Responsible Freedom

For many students, college represents complete freedom for the first time, yet they also must learn maturity and responsibility. Toeing the line between these goals takes sensible decision-making and planning.

Especially if you are away from home for the first time, this freedom can be both exciting and overwhelming. They key to balancing fun and responsibilities is realizing that college is like a job. You are held responsible for your actions, and mistakes come with consequences.

Surround yourself with the right people and use common sense when making daily decisions. Remember that a lot of people are counting on you to complete your degree in a timely fashion.

Risk Management

Freedom means students get to make their own rules and are in complete control of their lives. That is a good thing if the student makes wise choices, but the nightly news tells us the stories of excesses in every level of living in colleges and university. A lot of these behaviors are dangerous and unhealthy.

From dangerous drinking-and-driving accidents to sexual misconduct, there are many issues that have no place on a college campus. Some behind-the-scenes decisions that can have negative implications on a student’s life can include skipping class, unwise spending and unhealthy eating.

Many students can trip coming out of the gate, putting them on an unfortunate course that can take years to correct. This underscores the importance of following common-sense principles when it comes to making decisions, and leaning on a strong support network of family and friends to keep you on the right track.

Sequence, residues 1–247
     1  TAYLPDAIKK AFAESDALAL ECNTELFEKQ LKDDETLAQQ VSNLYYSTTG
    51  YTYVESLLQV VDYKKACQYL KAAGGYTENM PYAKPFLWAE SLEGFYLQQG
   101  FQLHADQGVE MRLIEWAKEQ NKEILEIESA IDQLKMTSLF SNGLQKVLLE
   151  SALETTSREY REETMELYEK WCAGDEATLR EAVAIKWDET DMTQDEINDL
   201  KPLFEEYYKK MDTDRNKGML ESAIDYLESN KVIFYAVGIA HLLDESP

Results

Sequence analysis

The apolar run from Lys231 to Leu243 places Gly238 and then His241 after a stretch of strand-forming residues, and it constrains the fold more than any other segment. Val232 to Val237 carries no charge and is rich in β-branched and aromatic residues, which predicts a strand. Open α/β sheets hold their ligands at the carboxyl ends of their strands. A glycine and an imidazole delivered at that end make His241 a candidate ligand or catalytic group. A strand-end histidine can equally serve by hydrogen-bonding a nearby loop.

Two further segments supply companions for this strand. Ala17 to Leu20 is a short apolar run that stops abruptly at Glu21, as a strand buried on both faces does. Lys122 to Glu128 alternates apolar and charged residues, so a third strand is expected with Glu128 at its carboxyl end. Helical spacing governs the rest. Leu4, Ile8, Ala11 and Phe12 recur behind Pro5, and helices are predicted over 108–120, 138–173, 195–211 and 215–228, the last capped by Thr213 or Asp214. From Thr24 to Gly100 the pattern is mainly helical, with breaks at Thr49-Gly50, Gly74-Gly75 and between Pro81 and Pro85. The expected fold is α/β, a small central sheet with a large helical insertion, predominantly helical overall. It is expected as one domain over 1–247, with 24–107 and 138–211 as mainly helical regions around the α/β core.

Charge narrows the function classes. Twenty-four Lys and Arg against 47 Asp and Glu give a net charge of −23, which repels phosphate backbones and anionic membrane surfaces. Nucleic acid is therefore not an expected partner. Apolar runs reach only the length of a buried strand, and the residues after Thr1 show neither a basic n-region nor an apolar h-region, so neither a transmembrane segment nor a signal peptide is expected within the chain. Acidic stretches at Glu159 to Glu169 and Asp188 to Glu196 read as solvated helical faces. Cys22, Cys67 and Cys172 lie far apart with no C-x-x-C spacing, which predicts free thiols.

Good Choices

A student’s first taste of adult freedom should come fully loaded with the realization of the facts of life. Adult college life has responsibilities such as financial decision-making, good self-care, making good grades and healthy social participation.

In a recent survey of more than 600 college students conducted by Student Health 101, 94 percent of students said they had to learn to take more responsibility for themselves during college, and 72 percent said their academics suffered because they spent too much time doing other things. Minor mistakes are common and almost expected from college students.

The key is not participating in activities that can have long-term impacts that leave you regretful for years to come.

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